The painter who created this intimate and tranquil view of the city hall in Oudewater is the renowned 19th-century painter of townscapes Cornelis Springer. In 1841, when the artist biographer Johannes Immerzeel asked the young Springer which genre he specialised in via a questionnaire, the latter answered with ‘Cityscape’. A subject he would continue to paint throughout his life.
After training with the house and carriage painter Andries de Wit and lessons in architectural drawing and perspective from his older brother, the architect Hendrik Springer, Cornelis entered the School of Drawing where his talent became evident. His apprenticeship with the cityscape painter Kasparus Karsen (1810-1896) was decisive for the rest of his career. Springer would soon surpass his master and achieved great fame while still active.
In this work, we see Oudewater's city hall as it stands by the Visbrug (Fish Bridge). The building was erected in 1588, thirteen years after its forerunner was mostly ruined during the Spanish Invasion of 1575. When Oudewater regained the financial strength for the construction of a new city hall, it was built on the foundations of its predecessor.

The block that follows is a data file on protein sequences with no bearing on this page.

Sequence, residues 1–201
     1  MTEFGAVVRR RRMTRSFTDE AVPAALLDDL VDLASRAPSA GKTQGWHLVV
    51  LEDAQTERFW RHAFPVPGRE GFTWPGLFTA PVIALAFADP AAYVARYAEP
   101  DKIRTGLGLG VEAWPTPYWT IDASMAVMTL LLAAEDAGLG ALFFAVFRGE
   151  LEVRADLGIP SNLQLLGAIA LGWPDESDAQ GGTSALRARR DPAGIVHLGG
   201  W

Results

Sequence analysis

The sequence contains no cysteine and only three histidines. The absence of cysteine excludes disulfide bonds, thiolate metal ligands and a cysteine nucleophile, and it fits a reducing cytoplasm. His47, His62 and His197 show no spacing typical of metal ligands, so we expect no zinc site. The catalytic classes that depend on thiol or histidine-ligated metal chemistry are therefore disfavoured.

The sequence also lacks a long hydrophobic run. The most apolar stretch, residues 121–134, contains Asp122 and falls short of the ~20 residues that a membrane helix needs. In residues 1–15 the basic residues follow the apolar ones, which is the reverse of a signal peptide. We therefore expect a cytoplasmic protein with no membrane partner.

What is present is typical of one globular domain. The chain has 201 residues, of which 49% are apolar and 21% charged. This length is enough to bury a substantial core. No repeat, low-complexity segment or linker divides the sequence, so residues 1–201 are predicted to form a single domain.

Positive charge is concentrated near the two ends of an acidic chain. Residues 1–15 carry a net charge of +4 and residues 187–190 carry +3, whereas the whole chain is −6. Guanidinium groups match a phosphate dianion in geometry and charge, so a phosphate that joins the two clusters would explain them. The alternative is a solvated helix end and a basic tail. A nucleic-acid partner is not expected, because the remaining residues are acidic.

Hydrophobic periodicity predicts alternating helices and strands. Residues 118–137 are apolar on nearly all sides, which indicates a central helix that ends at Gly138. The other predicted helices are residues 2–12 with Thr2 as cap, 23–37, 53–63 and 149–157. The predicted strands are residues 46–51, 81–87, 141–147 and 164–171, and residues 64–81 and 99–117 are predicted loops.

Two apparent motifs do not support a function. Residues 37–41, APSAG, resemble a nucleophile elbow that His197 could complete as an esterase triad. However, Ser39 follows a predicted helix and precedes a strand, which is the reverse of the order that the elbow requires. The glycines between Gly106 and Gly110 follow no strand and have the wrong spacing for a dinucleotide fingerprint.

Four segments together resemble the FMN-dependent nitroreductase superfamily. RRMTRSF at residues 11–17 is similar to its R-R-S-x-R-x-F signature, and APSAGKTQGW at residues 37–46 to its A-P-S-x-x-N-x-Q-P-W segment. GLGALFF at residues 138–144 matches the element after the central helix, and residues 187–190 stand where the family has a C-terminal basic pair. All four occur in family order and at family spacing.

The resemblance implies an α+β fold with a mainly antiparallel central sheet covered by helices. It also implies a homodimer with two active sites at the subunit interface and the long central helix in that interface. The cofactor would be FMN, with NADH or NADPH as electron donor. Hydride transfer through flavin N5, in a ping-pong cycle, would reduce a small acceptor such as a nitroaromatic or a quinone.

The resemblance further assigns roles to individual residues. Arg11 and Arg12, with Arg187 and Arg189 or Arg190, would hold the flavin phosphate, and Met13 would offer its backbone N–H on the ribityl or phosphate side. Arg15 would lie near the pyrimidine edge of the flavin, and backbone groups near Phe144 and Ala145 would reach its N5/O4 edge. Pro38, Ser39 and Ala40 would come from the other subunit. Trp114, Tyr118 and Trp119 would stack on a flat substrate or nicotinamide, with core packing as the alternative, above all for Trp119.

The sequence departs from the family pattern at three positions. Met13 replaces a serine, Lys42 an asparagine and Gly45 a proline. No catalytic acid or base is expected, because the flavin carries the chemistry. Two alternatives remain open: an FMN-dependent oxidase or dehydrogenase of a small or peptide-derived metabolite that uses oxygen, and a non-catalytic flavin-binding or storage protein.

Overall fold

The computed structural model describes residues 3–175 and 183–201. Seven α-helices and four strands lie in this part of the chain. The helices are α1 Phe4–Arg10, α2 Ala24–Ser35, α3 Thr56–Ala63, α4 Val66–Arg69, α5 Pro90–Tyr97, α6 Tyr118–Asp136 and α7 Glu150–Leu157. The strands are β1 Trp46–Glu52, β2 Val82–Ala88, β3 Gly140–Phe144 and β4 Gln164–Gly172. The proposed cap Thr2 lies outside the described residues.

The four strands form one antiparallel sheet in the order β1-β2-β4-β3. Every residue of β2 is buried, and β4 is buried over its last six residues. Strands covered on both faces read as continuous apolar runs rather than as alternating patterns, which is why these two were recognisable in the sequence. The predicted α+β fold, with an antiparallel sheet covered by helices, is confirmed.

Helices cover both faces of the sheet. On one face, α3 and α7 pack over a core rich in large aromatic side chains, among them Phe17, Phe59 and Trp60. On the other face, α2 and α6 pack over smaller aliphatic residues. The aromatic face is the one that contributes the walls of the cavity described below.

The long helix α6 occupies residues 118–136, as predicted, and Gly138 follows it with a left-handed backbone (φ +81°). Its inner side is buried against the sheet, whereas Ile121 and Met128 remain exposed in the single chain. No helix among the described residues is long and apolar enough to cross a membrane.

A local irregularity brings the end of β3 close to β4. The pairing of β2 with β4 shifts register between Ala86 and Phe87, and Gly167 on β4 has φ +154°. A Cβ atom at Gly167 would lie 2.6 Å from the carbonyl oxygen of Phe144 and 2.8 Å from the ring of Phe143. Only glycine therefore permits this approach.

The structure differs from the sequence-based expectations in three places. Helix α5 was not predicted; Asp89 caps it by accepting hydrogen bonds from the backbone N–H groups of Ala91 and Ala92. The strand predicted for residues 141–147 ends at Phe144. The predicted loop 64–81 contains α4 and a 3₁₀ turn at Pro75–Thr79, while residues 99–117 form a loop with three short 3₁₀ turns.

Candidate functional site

The lower part of the town hall, consisting of walls of ‘kloostermoppen’ (medieval bricks) and plastered barrel vaults, dates from before 1575. The main floor dates from 1588. We know quite a lot about the construction thanks to the original specifications from 1588 which were preserved. Thanks to these, the name of the stonemason is also known: Gieleam Verminx from Delft. In 1887, the city hall was thoroughly restored, especially the outside. The windows were widened, dormer windows were added along the Kapellestraat, and a new brick outer shell of smaller, machinemade bricks was added around the actual building body.
In 1968, disaster struck again and almost the entire roof of the town hall went up in flames, along with parts of the floor below. Using the 1588 specifications and existing photographs, it was possible to reconstruct the architectural elements that were lost in the fire. During the restoration under the direction of the architects T. van Hoogevest, the remaining core of the city hall was completely rebuilt.
The restoration of 1887 was largely undone; the outer brick layer and dormer windows were removed. The Oudewater city hall was reopened in 1972.
Nieuwenhuys London, 12 October 1855 for f.80
Sale London (Christie’s), 21 April 1978, lot 197
Art Dealer Mark Smit, Ommen
Private Collection, Belgium
Willem Laanstra, Cornelis Springer (1817-1891), Utrecht, 1984, p. 97